May 21.] corpus christi day. 297
Deptford. First there were juggling matches ; then came a booth or two; afterwards a few shows.—Every Day Book, vol. i. p. 724.
At Kidlington, says Blount (Jocular Tenures, Beckwith's edition, p. 281), the custom is that on Monday after Whitsun week there is a fat live lamb provided; and the maids of the town, having their thumbs tied behind them, run after it, and she that with her mouth takes and holds the lamb, is declared Lady of the Lamb, which being dressed, with the skin hanging on, is carried on a long pole before the lady and her companions to the green, attended with music, and a Morisco dance of men, and another of women, where the rest of the day is spent in dancing, mirth, and merry glee. The next day the lamb is part baked, boiled, and roasted, for the lady's feast, where she sits majestically at the upper end of the table, and her companions with her, with music and other attendants, which ends the solemnity.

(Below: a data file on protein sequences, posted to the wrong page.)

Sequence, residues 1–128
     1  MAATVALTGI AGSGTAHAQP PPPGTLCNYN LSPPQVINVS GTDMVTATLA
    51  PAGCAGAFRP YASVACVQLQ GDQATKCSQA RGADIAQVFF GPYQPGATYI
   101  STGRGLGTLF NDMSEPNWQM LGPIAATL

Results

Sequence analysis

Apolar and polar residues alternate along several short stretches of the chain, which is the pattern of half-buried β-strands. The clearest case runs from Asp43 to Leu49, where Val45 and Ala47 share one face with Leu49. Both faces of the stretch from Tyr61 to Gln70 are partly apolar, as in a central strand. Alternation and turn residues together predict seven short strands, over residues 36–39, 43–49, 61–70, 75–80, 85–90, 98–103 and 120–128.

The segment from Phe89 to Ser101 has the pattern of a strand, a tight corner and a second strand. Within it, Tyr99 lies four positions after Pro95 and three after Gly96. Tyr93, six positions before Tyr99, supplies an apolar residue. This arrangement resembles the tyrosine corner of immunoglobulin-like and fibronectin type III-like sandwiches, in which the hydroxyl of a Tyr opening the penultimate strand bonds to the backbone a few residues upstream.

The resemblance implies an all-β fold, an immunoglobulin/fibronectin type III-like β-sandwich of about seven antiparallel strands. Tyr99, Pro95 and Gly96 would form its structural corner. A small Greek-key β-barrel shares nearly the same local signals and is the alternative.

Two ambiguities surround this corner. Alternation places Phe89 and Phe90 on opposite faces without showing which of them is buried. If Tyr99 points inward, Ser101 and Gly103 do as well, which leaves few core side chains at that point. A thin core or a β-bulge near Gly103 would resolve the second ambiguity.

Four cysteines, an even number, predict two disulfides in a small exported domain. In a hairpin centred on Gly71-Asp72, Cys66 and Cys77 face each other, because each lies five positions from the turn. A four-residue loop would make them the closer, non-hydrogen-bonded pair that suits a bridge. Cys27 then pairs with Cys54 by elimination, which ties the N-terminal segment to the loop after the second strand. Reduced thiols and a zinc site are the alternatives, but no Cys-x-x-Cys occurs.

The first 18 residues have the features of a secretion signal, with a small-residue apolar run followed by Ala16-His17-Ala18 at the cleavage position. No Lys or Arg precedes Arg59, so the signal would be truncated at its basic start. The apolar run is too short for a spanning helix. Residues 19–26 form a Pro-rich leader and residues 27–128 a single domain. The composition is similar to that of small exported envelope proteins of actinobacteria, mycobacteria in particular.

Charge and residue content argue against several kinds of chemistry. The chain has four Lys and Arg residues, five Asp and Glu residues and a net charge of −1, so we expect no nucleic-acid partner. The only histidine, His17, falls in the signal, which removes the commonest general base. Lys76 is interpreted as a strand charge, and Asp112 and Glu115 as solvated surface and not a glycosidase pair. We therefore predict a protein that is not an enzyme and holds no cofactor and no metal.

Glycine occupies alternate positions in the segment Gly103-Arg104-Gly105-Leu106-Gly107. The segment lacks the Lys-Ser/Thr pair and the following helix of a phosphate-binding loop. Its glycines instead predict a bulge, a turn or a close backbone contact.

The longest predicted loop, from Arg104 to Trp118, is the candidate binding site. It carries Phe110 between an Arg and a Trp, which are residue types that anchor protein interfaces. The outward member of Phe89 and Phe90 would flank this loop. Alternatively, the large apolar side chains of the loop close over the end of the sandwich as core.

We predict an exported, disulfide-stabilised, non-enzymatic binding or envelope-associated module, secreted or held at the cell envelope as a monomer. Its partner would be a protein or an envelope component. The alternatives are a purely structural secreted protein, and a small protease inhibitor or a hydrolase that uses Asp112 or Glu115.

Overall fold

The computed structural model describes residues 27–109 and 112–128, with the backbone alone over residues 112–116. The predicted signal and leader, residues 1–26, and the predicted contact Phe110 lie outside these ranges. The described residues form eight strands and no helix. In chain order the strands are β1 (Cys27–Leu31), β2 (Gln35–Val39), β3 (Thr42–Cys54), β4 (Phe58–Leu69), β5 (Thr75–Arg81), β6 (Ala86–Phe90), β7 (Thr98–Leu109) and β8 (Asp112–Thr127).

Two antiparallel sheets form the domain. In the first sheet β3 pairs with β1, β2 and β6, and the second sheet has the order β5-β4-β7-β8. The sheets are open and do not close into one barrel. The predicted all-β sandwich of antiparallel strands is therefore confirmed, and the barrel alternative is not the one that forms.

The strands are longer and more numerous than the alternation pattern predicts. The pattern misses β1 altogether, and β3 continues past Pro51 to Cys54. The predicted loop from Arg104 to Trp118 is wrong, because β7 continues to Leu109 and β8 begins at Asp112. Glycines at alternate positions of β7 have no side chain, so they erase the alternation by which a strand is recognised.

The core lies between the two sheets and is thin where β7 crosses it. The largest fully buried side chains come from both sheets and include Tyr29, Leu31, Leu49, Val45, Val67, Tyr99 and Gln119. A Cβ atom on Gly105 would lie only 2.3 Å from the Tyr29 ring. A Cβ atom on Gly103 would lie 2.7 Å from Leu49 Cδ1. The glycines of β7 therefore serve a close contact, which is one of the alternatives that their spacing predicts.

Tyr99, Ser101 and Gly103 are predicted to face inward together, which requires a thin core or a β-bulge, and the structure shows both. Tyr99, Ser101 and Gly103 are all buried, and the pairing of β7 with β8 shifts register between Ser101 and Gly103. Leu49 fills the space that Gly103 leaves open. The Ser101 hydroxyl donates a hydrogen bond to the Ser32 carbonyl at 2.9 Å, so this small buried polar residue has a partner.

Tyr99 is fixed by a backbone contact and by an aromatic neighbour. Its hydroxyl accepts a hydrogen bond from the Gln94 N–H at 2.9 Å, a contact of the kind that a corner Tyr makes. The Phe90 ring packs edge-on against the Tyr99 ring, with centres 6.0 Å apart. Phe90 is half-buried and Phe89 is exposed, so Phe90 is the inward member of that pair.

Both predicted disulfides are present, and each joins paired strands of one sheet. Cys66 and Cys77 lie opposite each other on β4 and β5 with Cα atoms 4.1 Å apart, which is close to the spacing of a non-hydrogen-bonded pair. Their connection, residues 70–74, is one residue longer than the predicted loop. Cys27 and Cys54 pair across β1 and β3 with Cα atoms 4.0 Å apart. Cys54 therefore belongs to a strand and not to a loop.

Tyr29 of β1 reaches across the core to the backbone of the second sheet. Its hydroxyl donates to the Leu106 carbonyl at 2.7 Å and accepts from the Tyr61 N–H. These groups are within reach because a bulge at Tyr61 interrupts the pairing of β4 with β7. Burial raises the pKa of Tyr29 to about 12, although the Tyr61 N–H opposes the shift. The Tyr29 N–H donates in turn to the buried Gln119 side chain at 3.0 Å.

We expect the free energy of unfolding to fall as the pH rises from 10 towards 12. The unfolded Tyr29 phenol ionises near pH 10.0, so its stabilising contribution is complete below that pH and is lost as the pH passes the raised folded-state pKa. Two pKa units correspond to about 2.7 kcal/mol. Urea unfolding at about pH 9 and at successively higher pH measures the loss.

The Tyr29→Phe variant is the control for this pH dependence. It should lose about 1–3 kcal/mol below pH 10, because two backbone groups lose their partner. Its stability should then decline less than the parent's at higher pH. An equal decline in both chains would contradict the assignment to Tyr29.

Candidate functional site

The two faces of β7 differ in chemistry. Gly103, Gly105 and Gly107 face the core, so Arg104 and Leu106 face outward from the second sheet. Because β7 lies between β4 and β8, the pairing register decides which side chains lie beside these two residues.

May 20.] COEPUS CHEISTI EVE.
In North Wales, at Llanasaph, there is a custom of strewing green herbs and flowers at the doors of houses on Corpus Christi Eve.—Pennant's Manuscript quoted by Brand, Pop. Antiq. 1849, vol. i. p. 297.
At Caerwis on Thursday after Trinity Sunday, which they call Dudd Son Duw, or Dydd Gwyl Duw, on the Eve before, they strew a sort of fern before their doors, called red yn mair —Pennant's MS.
May 2i.] COEPUS CHEISTI DAY.
Corpus Christi Day is held on the Thursday after Trinity Sunday, to celebrate, as the name indicates, the doctrine of Transubstantiation, and was instituted in the year 1264 by Pope Urban IV.
In olden times the Skinners' fraternity of Corpus Christi